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timaeus222

Why is pop music usually this genre or that genre?

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It appears that a lot of pop music is dance, trance, or house. Every now and then a big beat track shows up, or maybe some dubstep here and there. Sometimes you can find a pop song that just downright bugs you (corny and long machine-gun-like kick buildups, "gotcha" buildups that lead up to nothing extremely awesome, excessive autotune, tacky drum sequencing, etc.), and you might find it ridiculous that it somehow made it on the popular list.

Any ideas why dance, trance, house, and similar genres are so popular? Could it be because of the musician's marketer, or people's partying habits, or that some people just think it sounds good and don't give a second thought because they don't compose music as extensively as OCR members, or...?

What do you think? :D

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Mostly because it is easy to listen to. People usually view music as background instead of main entertainment. I mean, how many people (not musicians) just listen to music while doing nothing else?

Also, most of those music styles either have a catchy melody or a catchy rhytm.

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Pop electronic and pop rock are just very simple. The structure of these songs is easy to understand and easy to listen to. Verse-chorus-verse-chorus-bridge-chorus-chorus-fadeout. Easy peasy. The mark of a great pop song is the hook; that bit of melody that digs right into you.

Take a look at the history of American music. A little after the swing era, music sort of "split" in two directions; one was towards increased complexity (bebop, etc.), and one was towards simplicity (rhythm 'n blues, rock, etc.). The simple stuff became much more popular because it was easier to listen to, easier to dance to, and easier to play. Rock continued to evolve and spawn different off-shoots but the simplest and most accessible forms of the genre were always the most popular.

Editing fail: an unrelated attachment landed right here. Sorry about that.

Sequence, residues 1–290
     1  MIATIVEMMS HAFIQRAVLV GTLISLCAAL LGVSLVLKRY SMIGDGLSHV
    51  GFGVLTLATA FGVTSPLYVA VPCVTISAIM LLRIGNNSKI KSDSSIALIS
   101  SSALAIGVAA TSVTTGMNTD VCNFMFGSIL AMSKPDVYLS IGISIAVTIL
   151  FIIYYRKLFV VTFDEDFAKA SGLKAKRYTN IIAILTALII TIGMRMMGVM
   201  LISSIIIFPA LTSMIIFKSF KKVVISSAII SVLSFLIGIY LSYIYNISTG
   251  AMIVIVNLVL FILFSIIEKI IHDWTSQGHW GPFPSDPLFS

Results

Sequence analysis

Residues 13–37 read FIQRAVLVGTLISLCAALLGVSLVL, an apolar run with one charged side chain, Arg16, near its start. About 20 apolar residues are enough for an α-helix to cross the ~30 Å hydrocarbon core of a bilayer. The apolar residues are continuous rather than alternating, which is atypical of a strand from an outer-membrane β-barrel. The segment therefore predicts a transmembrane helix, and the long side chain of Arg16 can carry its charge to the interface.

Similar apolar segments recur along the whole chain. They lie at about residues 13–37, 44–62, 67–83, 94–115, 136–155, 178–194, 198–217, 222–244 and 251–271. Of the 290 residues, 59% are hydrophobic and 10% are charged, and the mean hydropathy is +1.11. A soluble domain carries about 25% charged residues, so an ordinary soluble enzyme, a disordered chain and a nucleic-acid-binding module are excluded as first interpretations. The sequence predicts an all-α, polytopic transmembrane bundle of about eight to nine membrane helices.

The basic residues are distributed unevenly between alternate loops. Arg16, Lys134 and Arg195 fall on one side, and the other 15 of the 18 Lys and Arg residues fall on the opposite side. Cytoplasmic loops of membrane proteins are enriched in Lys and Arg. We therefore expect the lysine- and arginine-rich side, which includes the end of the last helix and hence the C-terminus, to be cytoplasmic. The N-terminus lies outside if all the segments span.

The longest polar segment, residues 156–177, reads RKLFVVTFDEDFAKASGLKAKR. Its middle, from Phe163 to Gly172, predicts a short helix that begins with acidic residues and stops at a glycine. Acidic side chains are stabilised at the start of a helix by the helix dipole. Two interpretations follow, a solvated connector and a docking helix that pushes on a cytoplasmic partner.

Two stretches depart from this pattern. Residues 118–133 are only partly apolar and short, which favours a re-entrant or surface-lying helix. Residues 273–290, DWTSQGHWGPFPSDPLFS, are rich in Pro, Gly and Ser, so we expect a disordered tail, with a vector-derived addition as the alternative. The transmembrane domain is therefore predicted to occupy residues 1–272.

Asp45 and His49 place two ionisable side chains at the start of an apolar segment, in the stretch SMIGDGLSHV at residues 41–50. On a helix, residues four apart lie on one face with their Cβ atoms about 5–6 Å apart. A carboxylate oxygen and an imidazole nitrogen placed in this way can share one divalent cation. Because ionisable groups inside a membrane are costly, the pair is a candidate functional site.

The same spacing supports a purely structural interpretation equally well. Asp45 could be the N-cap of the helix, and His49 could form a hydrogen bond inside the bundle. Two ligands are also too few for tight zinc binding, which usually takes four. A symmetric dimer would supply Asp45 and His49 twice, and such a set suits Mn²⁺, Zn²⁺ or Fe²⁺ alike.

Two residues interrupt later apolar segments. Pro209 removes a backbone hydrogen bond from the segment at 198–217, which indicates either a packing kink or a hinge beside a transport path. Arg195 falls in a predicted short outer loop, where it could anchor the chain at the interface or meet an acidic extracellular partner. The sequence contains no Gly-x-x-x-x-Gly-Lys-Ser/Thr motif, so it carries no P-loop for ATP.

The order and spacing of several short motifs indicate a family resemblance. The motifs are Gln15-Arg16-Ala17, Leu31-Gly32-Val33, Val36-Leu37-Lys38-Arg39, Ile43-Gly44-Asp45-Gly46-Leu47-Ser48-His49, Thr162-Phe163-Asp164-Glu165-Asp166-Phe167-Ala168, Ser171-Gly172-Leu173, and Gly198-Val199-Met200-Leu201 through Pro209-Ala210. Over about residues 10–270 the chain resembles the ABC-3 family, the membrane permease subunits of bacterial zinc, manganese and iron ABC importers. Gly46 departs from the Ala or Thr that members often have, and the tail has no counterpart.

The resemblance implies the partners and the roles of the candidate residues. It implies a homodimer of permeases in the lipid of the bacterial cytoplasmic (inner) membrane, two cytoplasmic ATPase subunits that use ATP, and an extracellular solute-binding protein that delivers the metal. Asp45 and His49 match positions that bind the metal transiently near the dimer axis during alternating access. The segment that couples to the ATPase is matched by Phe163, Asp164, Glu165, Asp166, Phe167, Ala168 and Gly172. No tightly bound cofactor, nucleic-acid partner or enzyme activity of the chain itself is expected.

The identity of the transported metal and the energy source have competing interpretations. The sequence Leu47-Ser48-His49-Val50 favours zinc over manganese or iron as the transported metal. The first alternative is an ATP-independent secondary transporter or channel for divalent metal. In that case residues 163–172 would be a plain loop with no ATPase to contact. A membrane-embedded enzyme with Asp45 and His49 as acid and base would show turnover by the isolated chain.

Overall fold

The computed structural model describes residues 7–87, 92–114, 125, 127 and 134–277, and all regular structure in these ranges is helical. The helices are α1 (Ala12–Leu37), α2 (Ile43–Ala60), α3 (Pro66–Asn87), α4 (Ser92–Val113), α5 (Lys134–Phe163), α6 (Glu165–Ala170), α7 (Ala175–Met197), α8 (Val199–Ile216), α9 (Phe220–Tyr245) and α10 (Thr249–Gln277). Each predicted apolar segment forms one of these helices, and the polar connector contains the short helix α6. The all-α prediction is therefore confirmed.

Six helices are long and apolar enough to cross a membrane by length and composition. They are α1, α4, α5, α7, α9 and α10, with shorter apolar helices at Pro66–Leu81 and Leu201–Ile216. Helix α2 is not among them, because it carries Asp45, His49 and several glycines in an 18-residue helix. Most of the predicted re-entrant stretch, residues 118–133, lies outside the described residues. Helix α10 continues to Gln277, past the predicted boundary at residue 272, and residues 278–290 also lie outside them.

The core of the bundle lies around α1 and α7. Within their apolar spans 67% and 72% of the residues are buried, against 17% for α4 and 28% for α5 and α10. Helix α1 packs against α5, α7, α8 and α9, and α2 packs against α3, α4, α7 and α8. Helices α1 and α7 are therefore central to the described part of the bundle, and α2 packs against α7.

Electronic music is the same way and pop electronic music borrows a lot of the same ideas from pop rock; catchy hook, diatonic harmonies, simple chord progressions, verse-chorus-bridge song structure, etc.

Also just want to say that there's nothing bad about any of this.

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Pop electronic and pop rock are just very simple. The structure of these songs is easy to understand and easy to listen to. Verse-chorus-verse-chorus-bridge-chorus-chorus-fadeout. Easy peasy. The mark of a great pop song is the hook; that bit of melody that digs right into you.

Take a look at the history of American music. A little after the swing era, music sort of "split" in two directions; one was towards increased complexity (bebop, etc.), and one was towards simplicity (rhythm 'n blues, rock, etc.). The simple stuff became much more popular because it was easier to listen to, easier to dance to, and easier to play. Rock continued to evolve and spawn different off-shoots but the simplest and most accessible forms of the genre were always the most popular.